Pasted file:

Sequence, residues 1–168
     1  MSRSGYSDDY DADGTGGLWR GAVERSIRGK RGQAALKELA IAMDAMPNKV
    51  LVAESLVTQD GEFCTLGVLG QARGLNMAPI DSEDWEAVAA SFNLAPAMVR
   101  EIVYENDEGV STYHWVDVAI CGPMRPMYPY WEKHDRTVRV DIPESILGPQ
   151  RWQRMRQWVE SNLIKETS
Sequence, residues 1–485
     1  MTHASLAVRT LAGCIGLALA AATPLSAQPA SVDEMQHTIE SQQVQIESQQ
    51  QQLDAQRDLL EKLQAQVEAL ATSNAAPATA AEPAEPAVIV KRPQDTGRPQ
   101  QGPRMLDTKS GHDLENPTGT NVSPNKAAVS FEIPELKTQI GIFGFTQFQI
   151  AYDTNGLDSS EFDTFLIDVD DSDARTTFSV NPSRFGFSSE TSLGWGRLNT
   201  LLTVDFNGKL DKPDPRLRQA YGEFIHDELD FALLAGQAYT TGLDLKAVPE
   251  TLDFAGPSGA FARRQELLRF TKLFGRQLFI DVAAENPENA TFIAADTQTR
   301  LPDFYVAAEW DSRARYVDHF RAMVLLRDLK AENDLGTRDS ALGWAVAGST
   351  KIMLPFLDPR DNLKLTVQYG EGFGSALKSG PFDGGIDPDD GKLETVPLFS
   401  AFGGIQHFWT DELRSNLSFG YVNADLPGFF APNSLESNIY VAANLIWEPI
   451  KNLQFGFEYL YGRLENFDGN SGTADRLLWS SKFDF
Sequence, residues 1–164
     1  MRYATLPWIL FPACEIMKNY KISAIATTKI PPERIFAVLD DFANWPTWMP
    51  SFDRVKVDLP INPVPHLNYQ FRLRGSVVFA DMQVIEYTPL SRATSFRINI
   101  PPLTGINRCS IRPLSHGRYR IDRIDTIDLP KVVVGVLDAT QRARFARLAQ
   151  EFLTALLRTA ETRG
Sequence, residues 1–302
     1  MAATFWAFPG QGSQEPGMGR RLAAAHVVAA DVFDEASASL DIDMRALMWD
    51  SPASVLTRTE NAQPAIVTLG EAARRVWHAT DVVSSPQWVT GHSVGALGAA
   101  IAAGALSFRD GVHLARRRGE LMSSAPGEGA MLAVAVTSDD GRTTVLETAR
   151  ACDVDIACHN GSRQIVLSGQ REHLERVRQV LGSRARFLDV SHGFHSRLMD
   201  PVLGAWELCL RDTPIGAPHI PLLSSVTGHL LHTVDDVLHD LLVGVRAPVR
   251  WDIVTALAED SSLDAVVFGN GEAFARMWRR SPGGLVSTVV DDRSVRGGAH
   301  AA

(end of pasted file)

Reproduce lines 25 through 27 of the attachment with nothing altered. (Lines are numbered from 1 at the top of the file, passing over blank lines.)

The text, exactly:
   101  IAAGALSFRD GVHLARRRGE LMSSAPGEGA MLAVAVTSDD GRTTVLETAR
   151  ACDVDIACHN GSRQIVLSGQ REHLERVRQV LGSRARFLDV SHGFHSRLMD
   201  PVLGAWELCL RDTPIGAPHI PLLSSVTGHL LHTVDDVLHD LLVGVRAPVR